## Transitivity

Imagine a sequence of things A, B, and C where A and C have no direct relationship except through the intermediary B. The relationship between A and C is a combination of the relationships between A and B and between B and C.

### Quantifying Indirect Relationships

Given that you can know about the relationships AB and BC, what can you infer about the relationship AC?

Mathematical thinking about transitivity is generally based in Aristotle's law of syllogism, or the transitivity property of implication: *if A implies B and B implies C, then A implies C*. (See Theorem 1.4.2 here). Direct relationships between pairs can be combined to make statements about indirect relationships.

However if the relationship is not "implies" -- equivalence -- then the rules for combining relationships become more complex. If A implies that B is 75% likely, and B implies that C is 50% likely, A does not imply that C is 50% likely. The relationship between C and B is not preserved verbatim in the relationship between A and C. Rather, the likelyhood of C given A is 75% of 50%.

If the relationship is about trust the details get gnarlier, because trust comes in levels and is context specific. I trust my plumber with the plumbing but not the electrical work. I trust some plumbers more than others. So the domain of a statement and the specific valuation has to be accounted for. Let's say that a friend recommends a plumber: your decision to hire the plumber is based both on your friend's recommendation and on your friend's ability to give recommendations.

### Self, ontology, perspective, and worldview

For our purposes, there is no way to quantify the relationship between B and C without specifying the point of view. This is because, in a decentralized network, there is no party with perfect knowledge of the system. B may consider the relationship profitable but C considers the relationship unprofitable. A may not know about the relationship between B and C except through the lens of a relationship between itself and B or C. Every entity must consider its own perspective the final arbiter.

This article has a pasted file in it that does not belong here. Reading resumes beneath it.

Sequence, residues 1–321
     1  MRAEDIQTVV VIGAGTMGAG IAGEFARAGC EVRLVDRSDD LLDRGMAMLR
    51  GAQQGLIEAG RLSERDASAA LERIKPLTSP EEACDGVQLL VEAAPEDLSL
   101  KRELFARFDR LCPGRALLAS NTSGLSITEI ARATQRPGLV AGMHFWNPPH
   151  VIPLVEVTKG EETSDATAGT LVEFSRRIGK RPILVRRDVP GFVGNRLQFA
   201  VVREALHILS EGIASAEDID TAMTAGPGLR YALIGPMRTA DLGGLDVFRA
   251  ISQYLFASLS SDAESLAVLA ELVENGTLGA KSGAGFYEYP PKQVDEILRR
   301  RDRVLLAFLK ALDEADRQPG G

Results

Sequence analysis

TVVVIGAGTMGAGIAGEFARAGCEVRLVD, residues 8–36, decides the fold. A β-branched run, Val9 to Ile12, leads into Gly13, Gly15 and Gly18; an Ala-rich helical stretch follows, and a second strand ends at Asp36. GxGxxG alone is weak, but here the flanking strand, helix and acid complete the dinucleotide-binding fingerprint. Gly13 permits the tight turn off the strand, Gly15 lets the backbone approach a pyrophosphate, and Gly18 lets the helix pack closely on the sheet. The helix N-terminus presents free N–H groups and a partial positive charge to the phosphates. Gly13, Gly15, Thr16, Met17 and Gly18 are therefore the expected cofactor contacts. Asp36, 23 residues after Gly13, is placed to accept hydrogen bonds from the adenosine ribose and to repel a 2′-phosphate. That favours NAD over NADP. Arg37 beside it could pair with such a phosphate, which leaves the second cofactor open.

The horizon of A's worldview stops at B. Characteristics of C, including its existence, can be inferred from information provided by B, but that is not the same as direct contact. Is B a liar? Is B a good observer? Is B an articulate communicator?

Imagine a small car on the highway with large trucks on every side, so that the car can't see traffic aside from the trucks.

The driver of the car wishes to go as fast as possible, but no faster than average auto traffic in its immediate vicinity (to avoid being an obvious target for speeding tickets). Breaking out of the tight cluster of trucks surrounding it requires a risky squeeze through a small space between two of the trucks, a risk that is only worthwhile if the car can then go faster.

The car doesn't know the speed of traffic except by inference from the speed of the surrounding trucks. It may be that these trucks are moving far slower than other cars, because they are on a steep grade and trucks are less able to go fast up a hill. In that case the car should accept the risk, otherwise it should remain in the cluster.

The driver of the car has a speed relationship with other cars that is brokered by the intermediary trucks. The truck ahead may be matching its speed with a car ahead of it, but then again it may not. The relationship between the car in front of the truck and the car behind the truck is a combination of the relationship between the two pairs. Transitivity determines how the direct relationships are combined into an indirect relationship. SPKI is very much concerned with transitive relationships. See the thread "Trust and Transitivity" in the SPKI WG mail archives for a detailed discussion.